Pipelines and Public Safety: Special Report 219 (1988)

Pipelines and Public Safety: Special Report 219
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Pipelines and Public Safety:
Special Report 219
(1988)
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TRB Special Report 219 - Pipelines and Public Safety examines issues asociated with development near pipeline rights-of-way.

Pipelines provide a vital transportation service. Approximately half of the nation s supplies of crude oil and petroleum products and virtually all of its natural gas supplies are transported through a network of 1.7 million miles of pipelines.

The materials carried by pipelines are flammable, explosive, or toxic, which means that pipelines pose a danger to people and property should their failure result in release of these materials to the environment. The development of residences, workplaces, and shopping areas near once-isolated transmission pipelines, which carry gas and liquids at high pressure from producing areas to refineries or distribution networks, threatens to increase the risk of pipeline failure due to inadvertent excavation damage. Historically, such excavations have been a major cause of pipeline accidents. Accidents in the future could also be more severe because new development has exposed more people and property to risk in the event of a failure.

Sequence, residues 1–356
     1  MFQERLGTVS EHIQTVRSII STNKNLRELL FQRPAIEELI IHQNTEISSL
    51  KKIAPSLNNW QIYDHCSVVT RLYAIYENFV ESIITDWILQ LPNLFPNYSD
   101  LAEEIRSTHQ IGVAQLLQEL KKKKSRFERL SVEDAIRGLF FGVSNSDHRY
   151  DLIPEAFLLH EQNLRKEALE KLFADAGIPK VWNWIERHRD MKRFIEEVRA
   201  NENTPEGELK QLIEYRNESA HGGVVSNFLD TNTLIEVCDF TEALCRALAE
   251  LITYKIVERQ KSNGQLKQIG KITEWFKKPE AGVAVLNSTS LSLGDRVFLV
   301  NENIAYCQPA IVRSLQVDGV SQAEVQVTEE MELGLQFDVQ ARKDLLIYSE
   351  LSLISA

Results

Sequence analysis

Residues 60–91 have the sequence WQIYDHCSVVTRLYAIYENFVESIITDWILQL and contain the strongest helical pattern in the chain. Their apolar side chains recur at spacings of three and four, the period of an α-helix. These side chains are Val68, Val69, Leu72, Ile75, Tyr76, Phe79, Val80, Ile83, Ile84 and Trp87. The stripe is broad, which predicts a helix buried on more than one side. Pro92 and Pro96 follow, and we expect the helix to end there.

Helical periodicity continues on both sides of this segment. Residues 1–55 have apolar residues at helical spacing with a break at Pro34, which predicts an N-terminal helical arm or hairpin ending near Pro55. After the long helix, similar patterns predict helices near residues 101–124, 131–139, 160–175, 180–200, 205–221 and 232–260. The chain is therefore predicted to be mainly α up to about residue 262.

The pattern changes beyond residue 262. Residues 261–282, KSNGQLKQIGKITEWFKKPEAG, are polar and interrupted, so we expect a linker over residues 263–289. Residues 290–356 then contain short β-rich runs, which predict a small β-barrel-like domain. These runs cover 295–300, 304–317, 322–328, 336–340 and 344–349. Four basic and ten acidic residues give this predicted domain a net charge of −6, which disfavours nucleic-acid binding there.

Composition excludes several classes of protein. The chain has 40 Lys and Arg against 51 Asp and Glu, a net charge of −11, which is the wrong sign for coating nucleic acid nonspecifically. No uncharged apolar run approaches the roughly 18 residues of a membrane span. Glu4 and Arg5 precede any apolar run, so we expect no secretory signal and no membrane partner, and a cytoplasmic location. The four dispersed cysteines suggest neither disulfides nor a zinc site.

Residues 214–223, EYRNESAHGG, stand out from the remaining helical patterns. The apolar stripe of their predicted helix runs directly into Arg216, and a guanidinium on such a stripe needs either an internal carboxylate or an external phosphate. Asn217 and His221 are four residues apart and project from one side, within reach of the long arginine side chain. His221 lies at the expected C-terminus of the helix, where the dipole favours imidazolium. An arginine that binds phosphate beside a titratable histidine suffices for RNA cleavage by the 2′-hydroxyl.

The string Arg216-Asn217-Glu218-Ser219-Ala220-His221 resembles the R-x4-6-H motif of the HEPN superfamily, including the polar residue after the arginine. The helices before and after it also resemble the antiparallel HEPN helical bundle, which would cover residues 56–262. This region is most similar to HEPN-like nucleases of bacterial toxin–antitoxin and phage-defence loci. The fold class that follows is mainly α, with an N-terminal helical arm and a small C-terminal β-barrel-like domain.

The committee that developed this report recommended collaboration on damage prevention and public awareness programs, land use measures, and emergency preparedness programs. The committee stopped short of recommending specific development setbacks that would provide more uniform land use control across the nation. Instead, it pointed out a number of procedural changes in land development review and regulation that would reduce the risk of inadvertent damage. Although more uniform public policies on land use near pipelines might be desirable, differences in local conditions argue against establishing definitive standards or limits on specific land uses near pipeline rights-of-way.

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197 pages | 6 x 9

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National Research Council. Pipelines and Public Safety: Special Report 219. Washington, DC: The National Academies Press, 1988.

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